The secret power of gardens

Scent: The perfume of some plants may affect humans physically or emotionally.

In The Garden

January 16, 2000|By Ary Bruno | Ary Bruno,SPECIAL TO THE SUN

Winter is often a time of reflection for the gardener. Would you like your garden to be a more relaxing place? Stimulate a loving attitude in your mate? Reinvigorate flagging energy? The plants you choose can help you do this, as well as perfume and refresh the air.

The sense of smell has often been called a door to the past. It is one of our most intense senses, acting as an almost magic portal to the human psyche.

Because of this, the scents of various plants and flowers have a wonderful capacity to influence our moods: to stimulate or relax us; to lift depression, relieve anxiety and buoy our spirits; even to make us receptive to romance.

The conscious use of fragrant plants can be the secret of the gardener. It presents an opportunity not only to charm with form and color, but also to evoke deeper, more emotional responses. To close one's eyes in a fragrant garden is to perceive an invisible landscape of the spirit.

Gardeners throughout time have sought to capitalize on the delicious smells of various flowers and herbs. Today, "scent" gardens are more popular than ever. Some are designed especially to appeal to people with visual or other impairments, who might not otherwise enjoy a garden.

Thousands of years ago, the ancients believed that the scent of a plant represented the liberation of its soul, and based on observation, they also saw that this essence or soul of the plant could be used to soothe pain, lift the spirits, aid sleep and intensify passion.

Now, there is re-awakened interest in this ability of scents to influence our emotions, and it seems only natural that the gardener should take advantage of it.

For example, lavender, rose geranium, mock orange, bergamot, clary sage, chamomile, catnip hyssop, jasmine and violet are all soothing scents which can help people relax. Peach blossoms and fruit are said to be a fine remedy for anxiety attacks.

Or perhaps you would prefer your garden to make you feel alert and revitalized.

Pine and fir should form the backbone of such a landscape; dwarf varieties will serve just as well as full size, if you are short on space.

All the mints work well too: peppermint and the more well-behaved calamintha are excellent to promote alertness. Basil (another mint relative), rosemary, marjoram and some roses, such as `Heritage' with its strong lemon-citrus overtones, are also good.

Or maybe you are looking for a way to stimulate more intimacy in your relationship.

Using certain plants in areas where you and your partner tend to sit and linger, such as surrounding a favorite corner of a terrace, may possibly nudge things along.

Roses, especially those with damask and "old-fashioned" scents, are highly effective here. Many sturdy antique varieties exist; among shrub roses, the rugosas `Roseraie de l'Hay' and `Blanc Double de Coubert' are exceptionally hardy and fragrant.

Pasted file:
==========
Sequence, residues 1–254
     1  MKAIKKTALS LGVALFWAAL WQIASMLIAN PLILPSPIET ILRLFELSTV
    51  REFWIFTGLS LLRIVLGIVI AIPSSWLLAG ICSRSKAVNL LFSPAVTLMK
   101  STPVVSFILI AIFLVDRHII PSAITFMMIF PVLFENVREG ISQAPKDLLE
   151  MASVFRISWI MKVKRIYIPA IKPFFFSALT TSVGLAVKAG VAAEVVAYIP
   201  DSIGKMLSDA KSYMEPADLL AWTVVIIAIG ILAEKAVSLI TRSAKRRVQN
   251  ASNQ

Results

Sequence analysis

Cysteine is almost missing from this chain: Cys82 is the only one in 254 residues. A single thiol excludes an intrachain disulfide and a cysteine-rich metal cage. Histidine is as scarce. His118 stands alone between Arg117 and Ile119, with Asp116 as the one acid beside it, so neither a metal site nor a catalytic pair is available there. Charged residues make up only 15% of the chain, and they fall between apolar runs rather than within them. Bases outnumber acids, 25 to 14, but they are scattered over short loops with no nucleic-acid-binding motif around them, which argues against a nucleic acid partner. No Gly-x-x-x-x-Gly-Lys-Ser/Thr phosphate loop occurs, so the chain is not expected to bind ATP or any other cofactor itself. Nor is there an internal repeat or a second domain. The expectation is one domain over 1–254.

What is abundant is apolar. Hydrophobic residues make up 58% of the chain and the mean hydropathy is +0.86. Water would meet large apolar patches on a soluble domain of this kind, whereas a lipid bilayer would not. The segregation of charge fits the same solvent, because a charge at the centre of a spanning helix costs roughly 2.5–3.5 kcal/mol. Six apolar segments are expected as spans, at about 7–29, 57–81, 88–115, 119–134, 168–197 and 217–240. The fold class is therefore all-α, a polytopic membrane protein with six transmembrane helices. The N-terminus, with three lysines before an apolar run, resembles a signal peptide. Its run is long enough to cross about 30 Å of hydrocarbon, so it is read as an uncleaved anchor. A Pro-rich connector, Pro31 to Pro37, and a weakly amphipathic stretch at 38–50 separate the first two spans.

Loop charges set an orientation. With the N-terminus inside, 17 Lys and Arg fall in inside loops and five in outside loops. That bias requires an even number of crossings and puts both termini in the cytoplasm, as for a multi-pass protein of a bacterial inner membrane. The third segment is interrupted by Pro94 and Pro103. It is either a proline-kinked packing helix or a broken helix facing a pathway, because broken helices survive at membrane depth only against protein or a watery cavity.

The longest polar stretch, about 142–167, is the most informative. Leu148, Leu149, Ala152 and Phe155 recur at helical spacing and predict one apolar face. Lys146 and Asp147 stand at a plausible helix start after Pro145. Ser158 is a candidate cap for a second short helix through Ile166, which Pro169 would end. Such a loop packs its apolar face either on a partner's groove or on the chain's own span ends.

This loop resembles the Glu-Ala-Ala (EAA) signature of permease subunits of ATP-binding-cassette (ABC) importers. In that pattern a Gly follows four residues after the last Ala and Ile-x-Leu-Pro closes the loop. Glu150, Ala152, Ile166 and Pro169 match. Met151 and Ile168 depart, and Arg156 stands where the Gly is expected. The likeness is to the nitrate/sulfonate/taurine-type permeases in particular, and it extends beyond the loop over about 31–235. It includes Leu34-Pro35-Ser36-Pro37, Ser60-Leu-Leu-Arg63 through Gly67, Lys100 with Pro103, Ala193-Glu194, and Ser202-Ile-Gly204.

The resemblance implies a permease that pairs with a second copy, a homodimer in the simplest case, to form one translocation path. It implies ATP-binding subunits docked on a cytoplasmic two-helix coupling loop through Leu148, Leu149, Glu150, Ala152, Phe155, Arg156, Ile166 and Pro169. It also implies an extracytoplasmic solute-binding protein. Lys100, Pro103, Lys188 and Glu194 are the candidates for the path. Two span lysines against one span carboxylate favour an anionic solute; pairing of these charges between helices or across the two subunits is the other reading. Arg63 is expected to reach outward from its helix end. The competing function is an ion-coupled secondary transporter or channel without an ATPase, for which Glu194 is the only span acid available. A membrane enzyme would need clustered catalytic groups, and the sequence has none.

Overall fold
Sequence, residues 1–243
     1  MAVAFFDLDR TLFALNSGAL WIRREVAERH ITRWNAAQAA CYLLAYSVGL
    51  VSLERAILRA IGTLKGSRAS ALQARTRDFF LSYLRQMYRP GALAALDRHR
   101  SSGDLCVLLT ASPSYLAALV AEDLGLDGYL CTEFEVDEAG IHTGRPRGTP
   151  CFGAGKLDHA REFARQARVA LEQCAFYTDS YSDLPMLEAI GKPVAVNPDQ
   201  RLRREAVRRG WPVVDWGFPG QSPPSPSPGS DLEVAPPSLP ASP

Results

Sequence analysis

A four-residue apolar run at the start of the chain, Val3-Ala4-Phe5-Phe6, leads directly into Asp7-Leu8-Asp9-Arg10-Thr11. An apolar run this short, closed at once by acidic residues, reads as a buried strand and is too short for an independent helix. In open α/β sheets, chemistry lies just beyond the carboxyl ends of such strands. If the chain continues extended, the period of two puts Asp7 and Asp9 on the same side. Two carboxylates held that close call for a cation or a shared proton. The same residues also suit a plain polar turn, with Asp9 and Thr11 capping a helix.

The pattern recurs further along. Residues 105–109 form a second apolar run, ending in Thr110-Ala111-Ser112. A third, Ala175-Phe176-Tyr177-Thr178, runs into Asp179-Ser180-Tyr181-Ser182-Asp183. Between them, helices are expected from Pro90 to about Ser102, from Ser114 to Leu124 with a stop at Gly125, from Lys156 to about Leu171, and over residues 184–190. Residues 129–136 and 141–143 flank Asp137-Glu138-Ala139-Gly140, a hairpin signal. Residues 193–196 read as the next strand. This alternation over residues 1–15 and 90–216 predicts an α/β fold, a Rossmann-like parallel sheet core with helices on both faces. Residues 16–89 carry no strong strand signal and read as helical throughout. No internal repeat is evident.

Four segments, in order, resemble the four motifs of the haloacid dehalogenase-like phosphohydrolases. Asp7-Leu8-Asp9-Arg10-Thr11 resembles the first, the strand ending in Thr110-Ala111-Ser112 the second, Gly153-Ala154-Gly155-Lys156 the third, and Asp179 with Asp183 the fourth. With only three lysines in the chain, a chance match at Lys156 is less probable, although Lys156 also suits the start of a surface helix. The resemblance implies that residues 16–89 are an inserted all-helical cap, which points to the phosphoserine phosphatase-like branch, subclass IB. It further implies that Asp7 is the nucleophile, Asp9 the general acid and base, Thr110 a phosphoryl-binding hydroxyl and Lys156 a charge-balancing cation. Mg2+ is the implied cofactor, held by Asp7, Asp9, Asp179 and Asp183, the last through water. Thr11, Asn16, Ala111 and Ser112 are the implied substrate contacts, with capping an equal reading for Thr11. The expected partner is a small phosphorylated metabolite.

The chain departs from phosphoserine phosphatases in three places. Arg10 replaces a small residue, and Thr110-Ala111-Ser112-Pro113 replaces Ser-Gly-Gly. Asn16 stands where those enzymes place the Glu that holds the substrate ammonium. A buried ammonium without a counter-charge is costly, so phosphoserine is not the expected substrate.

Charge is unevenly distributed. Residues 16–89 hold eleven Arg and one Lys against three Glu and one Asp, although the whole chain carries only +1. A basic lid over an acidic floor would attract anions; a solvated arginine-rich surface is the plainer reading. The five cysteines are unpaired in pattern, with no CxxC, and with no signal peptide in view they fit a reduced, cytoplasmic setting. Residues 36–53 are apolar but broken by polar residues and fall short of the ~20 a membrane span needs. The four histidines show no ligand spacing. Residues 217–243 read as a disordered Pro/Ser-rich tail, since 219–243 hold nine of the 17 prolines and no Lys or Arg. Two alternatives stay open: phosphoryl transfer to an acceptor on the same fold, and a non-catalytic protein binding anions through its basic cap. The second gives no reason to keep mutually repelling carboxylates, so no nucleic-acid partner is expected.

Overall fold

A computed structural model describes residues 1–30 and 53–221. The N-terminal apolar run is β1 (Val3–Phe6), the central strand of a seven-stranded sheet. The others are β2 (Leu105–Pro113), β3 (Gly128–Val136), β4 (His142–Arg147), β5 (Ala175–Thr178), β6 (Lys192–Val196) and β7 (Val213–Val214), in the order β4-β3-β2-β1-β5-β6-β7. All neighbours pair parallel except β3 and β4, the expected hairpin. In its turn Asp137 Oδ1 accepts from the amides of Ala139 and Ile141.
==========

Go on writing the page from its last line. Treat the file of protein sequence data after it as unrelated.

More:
Some new hybrids, such as the David Austin roses, are also being bred again with fragrance in mind: `Colette' and `Mary Rose' are classic-style Austin roses with a pronounced damask scent.

One or more of the musk roses should be included; good choices are `Kathleen,' which does well in partial shade, and `Erfurt,' which blooms almost continuously through the season.

Southernwood is another reputed aphrodisiac. It is a lovely landscape shrub of muted gray-green color and fine textured leaves, with a beguiling, soft, lemony fragrance.

Jasmine, of course, has long been included in romantic lore. True jasmine is grown as a greenhouse plant in this area, or at least brought inside the house to a sunny window to be wintered-over.

If you have trouble getting to sleep or staying asleep at night, consider planting some of the following under a bedroom window that you can keep open all or part of the night in warm weather, or cut a bouquet of these to take inside.

Hops is a proverbial sleep inducer, but chamomile, bergamot, valerian and lemon balm also help. Planted around a hammock or chaise lounge, they may help bring on delightful afternoon siestas.

Many of these plants will soon be available at garden centers, while others can be started inside, either from seed or from cuttings, if you have access to plants through gardening friends. These can be grown on a sunny windowsill or under grow lights, until it is time to set them out in the garden. If used as container plants, many of the herbs in particular can be brought back into the house next fall, and enjoyed throughout the winter.

Finally, one of the nicest things about using aromatherapy when designing a garden is knowing that even people who may not believe in it can derive great benefits -- in perfect innocence.

SOURCES

Jackson & Perkins

1 Rose Lane

Medford, Ore. 97501

800-292-4769

www.jacksonandperkins.com

Nichols Garden Nursery

1190 North Pacific Highway

Albany, Ore. 97321

541-928-9280

www.gardennursery.com

Park Seed Co.

11 Parkton Ave.

Greenwood, S.C. 29647

800-845-3369

www.parkseed.com

Wayside Gardens

1 Garden Lane

Hodges, S.C. 29695

800-845-1124 www.waysidegardens.com

Well-Sweep Herb Farm

205 Mount Bethel Road

Port Murray, N.J. 07865

908-852-5390

White Flower Farm

P.O. Box 50

Litchfield, Conn. 06759

800-503-9624

www.whiteflowerfarm.com

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